China: No reason for island talks
China sees no basis for talks with Japan over their dispute about ownership of uninhibited islands.
BEIJING - China sees no reason to hold talks with Japan over their dispute about ownership of a group of uninhabited islands in the East China Sea, Chinese deputy foreign minister Li Baodong said on Tuesday.
Relations between the world's second- and third-largest economies have been strained for months, largely because of the spat over the islands, known as the Senkaku in Japan and the Diaoyu in China.
Japanese Prime Minister Shinzo Abe is keen to improve ties and has called for high-level dialogue with China, though he has rejected any conditions on talks and China has shown no inclination to even want talks.
Li said Japan's call for high-level talks was not genuine, but merely grandstanding.
"A meeting between leaders is not simply for the sake of shaking hands and taking pictures, but to resolve problems," Li told reporters ahead of President Xi Jinping's attendance at the G20 summit next week.
"If Japan wants to arrange a meeting to resolve problems, they should stop with the empty talk and doing stuff for show," Li said, when asked about the possibility of a meeting of Chinese and Japanese leaders on the sidelines of the G20.
Aircraft and ships from both countries have played a cat-and-mouse game near the islands for months, ratcheting up tension.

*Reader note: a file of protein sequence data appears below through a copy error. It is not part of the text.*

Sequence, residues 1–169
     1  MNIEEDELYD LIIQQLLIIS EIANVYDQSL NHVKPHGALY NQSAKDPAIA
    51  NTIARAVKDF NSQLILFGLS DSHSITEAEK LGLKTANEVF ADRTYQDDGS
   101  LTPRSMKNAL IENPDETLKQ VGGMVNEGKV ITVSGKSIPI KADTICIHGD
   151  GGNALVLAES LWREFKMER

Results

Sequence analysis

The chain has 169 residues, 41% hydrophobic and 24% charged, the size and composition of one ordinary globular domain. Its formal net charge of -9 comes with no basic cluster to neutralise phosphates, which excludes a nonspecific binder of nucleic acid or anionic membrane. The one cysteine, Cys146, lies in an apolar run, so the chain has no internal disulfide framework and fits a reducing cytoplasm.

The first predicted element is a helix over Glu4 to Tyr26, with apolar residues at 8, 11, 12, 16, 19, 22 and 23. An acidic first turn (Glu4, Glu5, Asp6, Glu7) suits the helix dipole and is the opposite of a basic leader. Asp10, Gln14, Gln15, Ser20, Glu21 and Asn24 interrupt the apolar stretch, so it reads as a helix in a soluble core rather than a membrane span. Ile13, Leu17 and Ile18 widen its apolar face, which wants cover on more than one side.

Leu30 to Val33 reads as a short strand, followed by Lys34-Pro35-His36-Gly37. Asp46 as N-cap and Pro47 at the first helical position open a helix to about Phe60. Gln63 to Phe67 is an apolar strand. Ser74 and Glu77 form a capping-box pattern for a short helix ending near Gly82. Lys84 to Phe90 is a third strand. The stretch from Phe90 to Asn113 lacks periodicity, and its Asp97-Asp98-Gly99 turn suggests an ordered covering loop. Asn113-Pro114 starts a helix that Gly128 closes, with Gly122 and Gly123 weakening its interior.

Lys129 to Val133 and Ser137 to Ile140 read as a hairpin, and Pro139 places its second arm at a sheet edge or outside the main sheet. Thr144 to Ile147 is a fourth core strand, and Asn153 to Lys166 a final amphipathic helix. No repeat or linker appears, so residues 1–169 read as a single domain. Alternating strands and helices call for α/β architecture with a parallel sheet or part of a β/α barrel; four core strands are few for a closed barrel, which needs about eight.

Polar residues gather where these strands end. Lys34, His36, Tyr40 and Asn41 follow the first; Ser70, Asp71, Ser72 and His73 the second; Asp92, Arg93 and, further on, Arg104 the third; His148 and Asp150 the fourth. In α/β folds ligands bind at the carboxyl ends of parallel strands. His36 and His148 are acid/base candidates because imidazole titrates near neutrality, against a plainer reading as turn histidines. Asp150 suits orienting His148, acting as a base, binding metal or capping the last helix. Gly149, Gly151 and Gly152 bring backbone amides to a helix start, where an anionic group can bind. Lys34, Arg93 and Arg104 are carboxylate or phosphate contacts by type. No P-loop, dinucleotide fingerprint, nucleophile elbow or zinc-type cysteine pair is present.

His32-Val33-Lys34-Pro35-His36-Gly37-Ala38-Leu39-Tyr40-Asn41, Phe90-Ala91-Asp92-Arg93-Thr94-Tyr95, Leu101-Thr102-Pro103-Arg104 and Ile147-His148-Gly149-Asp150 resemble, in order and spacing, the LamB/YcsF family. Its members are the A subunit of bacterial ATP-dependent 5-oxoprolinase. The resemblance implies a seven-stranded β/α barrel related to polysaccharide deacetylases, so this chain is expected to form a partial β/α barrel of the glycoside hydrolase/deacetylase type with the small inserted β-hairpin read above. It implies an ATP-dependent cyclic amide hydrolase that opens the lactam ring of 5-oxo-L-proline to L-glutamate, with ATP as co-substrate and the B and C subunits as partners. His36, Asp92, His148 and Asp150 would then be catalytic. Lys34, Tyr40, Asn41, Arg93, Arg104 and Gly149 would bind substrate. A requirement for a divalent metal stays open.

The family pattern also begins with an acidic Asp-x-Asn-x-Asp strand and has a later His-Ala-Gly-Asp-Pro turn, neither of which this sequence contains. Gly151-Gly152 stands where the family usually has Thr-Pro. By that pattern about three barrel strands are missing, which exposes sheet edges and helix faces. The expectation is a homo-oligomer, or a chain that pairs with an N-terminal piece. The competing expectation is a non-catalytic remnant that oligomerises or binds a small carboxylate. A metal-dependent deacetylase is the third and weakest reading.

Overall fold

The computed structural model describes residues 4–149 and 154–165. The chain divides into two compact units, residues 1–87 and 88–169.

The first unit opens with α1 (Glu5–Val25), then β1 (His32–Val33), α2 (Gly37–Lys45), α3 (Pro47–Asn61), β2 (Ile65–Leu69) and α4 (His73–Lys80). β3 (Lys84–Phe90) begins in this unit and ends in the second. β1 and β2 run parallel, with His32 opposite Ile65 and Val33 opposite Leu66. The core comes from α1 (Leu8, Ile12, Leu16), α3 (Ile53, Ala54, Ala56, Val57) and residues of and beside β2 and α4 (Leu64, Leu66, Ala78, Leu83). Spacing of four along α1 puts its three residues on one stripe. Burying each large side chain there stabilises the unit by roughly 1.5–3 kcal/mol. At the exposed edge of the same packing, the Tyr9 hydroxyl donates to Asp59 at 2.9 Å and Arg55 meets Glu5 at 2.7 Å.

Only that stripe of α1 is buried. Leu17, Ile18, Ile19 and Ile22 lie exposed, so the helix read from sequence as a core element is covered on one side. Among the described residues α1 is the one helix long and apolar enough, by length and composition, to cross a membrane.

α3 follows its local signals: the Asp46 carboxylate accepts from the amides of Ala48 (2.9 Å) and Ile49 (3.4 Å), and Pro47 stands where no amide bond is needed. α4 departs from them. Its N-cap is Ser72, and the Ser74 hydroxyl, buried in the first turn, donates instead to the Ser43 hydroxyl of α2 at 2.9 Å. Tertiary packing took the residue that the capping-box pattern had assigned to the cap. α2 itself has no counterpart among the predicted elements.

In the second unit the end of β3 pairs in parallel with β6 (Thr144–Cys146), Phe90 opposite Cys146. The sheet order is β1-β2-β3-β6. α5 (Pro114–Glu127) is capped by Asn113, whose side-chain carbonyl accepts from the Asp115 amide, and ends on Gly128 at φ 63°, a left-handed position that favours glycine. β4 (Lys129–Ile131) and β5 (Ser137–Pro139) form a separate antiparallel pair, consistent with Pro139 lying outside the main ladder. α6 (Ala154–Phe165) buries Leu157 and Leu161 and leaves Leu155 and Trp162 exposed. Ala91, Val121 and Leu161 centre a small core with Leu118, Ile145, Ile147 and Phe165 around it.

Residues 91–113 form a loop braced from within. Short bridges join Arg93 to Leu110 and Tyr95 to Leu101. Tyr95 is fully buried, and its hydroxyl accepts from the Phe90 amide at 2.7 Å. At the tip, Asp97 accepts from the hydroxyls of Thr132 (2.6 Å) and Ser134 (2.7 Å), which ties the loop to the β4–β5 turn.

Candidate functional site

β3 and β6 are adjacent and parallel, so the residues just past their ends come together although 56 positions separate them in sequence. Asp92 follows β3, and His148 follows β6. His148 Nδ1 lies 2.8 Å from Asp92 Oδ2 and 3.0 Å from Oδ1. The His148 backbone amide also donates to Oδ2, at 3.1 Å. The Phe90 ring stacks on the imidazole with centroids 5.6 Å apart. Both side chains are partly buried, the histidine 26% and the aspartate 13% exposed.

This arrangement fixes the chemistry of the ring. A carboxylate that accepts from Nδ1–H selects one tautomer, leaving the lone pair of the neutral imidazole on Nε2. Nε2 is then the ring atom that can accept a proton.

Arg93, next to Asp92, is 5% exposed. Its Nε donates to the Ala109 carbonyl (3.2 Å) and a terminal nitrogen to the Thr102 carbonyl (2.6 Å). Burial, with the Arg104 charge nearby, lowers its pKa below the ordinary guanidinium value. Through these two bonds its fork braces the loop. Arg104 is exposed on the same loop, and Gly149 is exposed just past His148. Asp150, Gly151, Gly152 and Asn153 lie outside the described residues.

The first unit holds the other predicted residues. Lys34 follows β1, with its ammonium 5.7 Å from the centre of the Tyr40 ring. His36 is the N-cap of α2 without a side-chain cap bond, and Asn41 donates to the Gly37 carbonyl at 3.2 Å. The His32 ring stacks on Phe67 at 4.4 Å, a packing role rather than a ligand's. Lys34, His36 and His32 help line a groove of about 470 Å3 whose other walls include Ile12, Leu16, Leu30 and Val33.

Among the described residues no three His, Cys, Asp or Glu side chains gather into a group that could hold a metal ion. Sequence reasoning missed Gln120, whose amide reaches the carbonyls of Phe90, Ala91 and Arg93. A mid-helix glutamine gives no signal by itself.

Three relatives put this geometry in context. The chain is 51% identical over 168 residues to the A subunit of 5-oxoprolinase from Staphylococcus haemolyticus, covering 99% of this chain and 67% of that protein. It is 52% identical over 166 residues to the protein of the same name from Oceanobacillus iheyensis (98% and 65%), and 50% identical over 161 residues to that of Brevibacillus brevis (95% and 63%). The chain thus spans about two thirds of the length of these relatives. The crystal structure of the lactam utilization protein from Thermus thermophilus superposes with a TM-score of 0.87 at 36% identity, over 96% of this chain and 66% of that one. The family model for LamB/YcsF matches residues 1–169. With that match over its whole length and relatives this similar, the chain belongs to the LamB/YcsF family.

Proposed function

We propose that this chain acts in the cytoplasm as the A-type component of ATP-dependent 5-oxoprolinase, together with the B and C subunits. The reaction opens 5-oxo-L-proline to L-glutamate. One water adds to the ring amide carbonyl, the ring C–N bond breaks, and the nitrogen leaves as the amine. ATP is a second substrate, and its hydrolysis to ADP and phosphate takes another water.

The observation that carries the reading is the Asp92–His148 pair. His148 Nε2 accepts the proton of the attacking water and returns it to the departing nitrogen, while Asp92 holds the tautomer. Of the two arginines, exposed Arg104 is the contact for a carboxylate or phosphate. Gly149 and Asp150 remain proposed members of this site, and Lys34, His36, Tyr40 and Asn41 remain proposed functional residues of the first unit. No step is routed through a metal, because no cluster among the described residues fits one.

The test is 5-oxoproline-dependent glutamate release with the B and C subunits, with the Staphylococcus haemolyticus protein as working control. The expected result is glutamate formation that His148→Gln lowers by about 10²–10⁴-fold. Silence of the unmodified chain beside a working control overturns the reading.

Japan's Coast Guard said on Tuesday that three Chinese Coast Guard vessels had entered what Japan considered to be its territorial waters near the disputed islands. China said the trip was a routine patrol in its own waters.
Moves by some Japanese politicians to deny the country's wartime past do not help, Li added.
"Under these conditions, how can we organise the kind of leaders' summit that Japan wants?" Li said.
China reacted with fury this month after Abe sent an offering to a shrine for war dead, which also honours war criminals, while cabinet members visited it in person.
China suffered under Japanese rule, with parts of the country occupied from the 1930s. Japanese leaders have apologised in the past but many in China doubt their sincerity, partly because of contradictory remarks by politicians.
"What Japan has to do now is show vision and courage, properly face up to history and take a proper attitude and real actions to get rid of the obstacles which exist for the healthy development of bilateral ties," Li said.